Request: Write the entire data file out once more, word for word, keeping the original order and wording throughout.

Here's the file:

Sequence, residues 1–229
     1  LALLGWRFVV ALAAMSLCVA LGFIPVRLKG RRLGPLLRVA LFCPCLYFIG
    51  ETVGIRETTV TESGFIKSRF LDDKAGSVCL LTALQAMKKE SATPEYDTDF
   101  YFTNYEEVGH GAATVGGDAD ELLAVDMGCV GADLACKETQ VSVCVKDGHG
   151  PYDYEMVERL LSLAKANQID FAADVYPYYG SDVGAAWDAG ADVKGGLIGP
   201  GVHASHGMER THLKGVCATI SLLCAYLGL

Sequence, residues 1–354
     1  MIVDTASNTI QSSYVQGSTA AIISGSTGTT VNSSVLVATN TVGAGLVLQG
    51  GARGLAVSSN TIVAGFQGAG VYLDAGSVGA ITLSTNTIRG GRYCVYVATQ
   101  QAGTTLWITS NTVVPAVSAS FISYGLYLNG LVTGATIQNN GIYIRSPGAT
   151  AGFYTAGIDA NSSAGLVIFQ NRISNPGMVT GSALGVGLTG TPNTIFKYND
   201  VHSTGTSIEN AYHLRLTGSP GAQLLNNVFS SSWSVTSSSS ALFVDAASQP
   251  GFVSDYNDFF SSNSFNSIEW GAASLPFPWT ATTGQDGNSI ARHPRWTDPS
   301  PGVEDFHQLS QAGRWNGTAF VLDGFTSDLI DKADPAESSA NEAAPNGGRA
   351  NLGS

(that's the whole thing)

Sequence, residues 1–229
     1  LALLGWRFVV ALAAMSLCVA LGFIPVRLKG RRLGPLLRVA LFCPCLYFIG
    51  ETVGIRETTV TESGFIKSRF LDDKAGSVCL LTALQAMKKE SATPEYDTDF
   101  YFTNYEEVGH GAATVGGDAD ELLAVDMGCV GADLACKETQ VSVCVKDGHG
   151  PYDYEMVERL LSLAKANQID FAADVYPYYG SDVGAAWDAG ADVKGGLIGP
   201  GVHASHGMER THLKGVCATI SLLCAYLGL

Sequence, residues 1–354
     1  MIVDTASNTI QSSYVQGSTA AIISGSTGTT VNSSVLVATN TVGAGLVLQG
    51  GARGLAVSSN TIVAGFQGAG VYLDAGSVGA ITLSTNTIRG GRYCVYVATQ
   101  QAGTTLWITS NTVVPAVSAS FISYGLYLNG LVTGATIQNN GIYIRSPGAT
   151  AGFYTAGIDA NSSAGLVIFQ NRISNPGMVT GSALGVGLTG TPNTIFKYND
   201  VHSTGTSIEN AYHLRLTGSP GAQLLNNVFS SSWSVTSSSS ALFVDAASQP
   251  GFVSDYNDFF SSNSFNSIEW GAASLPFPWT ATTGQDGNSI ARHPRWTDPS
   301  PGVEDFHQLS QAGRWNGTAF VLDGFTSDLI DKADPAESSA NEAAPNGGRA
   351  NLGS